“Strep throat” is acute tonsillopharyngitis caused by Streptococcus pyogenes (group A β-hemolytic streptococci [GABHS]) in the majority, and occasionally by serogroups C and G. Strep throat is seen among schoolchildren (5–15 years) with a peak incidence during the first few years of school. The incubation period is 2 to 4 days. Presenting symptoms are abrupt onset with high fever, sore throat, pain on swallowing, malaise, headache, and abdominal pain. Pharynx is beefy red; palate and uvula may be edematous, reddened, and covered with petechiae. Tonsils are erythematous, enlarged with patches of a gray-white exudate giving a “strawberry” appearance (intensity of exudates either absent in mild cases to distinct membrane covering entire pharynx in severe cases). Tender anterior cervical lymphadenopathy at the angles of the mandibles is palpable.
Figure 3.1 ▪ Exudative Tonsillopharyngitis.
Exudative tonsillopharyngitis in an adolescent presenting with high fever, sore throat, and tender anterior cervical adenopathy and a throat culture positive for GABHS. Intensity of exudates can be absent in mild cases to formation of a membrane covering the entire pharynx in severe cases. (Photo contributor: Mark Silverberg, MD.)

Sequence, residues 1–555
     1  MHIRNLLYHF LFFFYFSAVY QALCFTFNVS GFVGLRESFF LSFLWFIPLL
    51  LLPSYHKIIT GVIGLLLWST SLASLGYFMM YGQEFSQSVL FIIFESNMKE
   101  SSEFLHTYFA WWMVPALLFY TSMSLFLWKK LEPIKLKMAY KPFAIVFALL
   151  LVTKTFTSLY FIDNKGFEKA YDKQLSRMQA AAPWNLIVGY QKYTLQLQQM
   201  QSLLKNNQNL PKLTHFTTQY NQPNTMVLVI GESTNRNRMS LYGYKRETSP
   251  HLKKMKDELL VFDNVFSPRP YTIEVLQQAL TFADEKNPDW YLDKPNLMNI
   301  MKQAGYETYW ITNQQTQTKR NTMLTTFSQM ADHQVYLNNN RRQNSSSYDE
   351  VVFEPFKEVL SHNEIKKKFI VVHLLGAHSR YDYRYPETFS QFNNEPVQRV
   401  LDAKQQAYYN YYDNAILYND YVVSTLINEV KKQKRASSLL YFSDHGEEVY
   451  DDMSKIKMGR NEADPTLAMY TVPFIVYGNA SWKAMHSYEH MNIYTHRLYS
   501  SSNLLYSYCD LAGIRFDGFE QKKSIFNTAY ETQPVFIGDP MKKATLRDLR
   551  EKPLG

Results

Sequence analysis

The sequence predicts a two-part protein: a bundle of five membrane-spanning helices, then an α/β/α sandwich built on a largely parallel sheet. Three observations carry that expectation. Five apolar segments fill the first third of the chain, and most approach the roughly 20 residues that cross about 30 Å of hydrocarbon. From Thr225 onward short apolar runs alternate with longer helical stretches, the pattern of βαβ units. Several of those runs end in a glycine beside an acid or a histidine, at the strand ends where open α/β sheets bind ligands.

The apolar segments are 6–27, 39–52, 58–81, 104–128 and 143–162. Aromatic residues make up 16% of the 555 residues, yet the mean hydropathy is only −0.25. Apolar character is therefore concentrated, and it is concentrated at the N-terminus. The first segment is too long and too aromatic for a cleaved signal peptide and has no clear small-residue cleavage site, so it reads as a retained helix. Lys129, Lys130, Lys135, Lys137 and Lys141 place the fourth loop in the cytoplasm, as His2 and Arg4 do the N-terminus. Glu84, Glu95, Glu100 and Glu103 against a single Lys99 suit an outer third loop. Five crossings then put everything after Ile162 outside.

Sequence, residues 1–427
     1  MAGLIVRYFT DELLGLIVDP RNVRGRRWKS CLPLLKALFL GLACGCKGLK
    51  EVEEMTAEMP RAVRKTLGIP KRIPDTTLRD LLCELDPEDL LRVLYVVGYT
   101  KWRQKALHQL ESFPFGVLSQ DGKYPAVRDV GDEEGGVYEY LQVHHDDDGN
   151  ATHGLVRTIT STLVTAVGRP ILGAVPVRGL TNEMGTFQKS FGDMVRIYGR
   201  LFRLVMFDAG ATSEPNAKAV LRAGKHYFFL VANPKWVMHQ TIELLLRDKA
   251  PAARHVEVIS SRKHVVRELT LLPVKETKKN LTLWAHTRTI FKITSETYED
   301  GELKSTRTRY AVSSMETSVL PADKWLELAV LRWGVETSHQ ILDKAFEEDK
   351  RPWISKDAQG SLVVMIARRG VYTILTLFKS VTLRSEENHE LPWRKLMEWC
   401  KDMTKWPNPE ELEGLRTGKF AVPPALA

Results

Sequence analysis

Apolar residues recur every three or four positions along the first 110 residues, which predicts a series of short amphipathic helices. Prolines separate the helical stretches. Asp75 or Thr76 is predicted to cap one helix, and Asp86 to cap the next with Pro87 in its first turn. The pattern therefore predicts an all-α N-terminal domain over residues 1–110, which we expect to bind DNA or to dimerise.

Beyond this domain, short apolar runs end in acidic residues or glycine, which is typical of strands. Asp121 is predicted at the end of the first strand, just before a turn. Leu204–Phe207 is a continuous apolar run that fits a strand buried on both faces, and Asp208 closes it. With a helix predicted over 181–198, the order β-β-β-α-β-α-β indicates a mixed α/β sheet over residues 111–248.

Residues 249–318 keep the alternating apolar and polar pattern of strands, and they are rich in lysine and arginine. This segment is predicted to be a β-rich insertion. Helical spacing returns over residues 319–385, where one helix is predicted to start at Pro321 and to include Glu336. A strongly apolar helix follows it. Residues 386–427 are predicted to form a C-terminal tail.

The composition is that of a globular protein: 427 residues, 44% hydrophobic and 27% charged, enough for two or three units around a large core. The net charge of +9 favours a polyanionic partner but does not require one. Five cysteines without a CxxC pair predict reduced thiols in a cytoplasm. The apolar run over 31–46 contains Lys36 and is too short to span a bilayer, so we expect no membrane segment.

Scarlet fever rash may appear 12 to 24 hours after the onset of fever. The patient’s forehead and cheeks are flushed with circumoral pallor and a rash of tiny papules that appears like a “sunburn with goose pimples,” has the texture of sandpaper, and blanches prominently with pressure. The rash begins in the axilla, groin, and neck and generalizes, sparing the palms, soles, and face within 24 hours. Other findings include strawberry tongue, exudative tonsillopharyngitis, and Pastia sign (an accentuation of the rash in skin folds with fine line of petechiae). Desquamation may occur after 7 to 10 days and usually continues for 2 to 3 weeks, but can last up to 2 months. When desquamation occurs, it begins as fine flakes on the face, then precedes over the trunk, hands, and feet. The extent and duration of desquamation are directly related to the intensity of the rash. Scarlet fever rash is caused by one or more of several erythrogenic exotoxins produced by GABHS strains and occurs in children who lack the immunity to the exotoxin. The portal of entry is oropharynx in the majority and rarely a surgical wound (surgical scarlet fever). Most cases occur in children between 2 and 8 years of age in winter and early spring.
Figure 3.2 ▪ Acute Suppurative Cervical Lymphadenitis.
Both throat culture and lymph node aspirate culture were positive for GABHS in this girl presenting with anterior cervical lymphadenitis. (Photo contributor: Binita R. Shah, MD.)
Both streptococcal pharyngitis and scarlet fever are self-limited diseases. Fever abates within 3 to 5 days (in absence of suppurative complications) with resolution of all signs and symptoms ...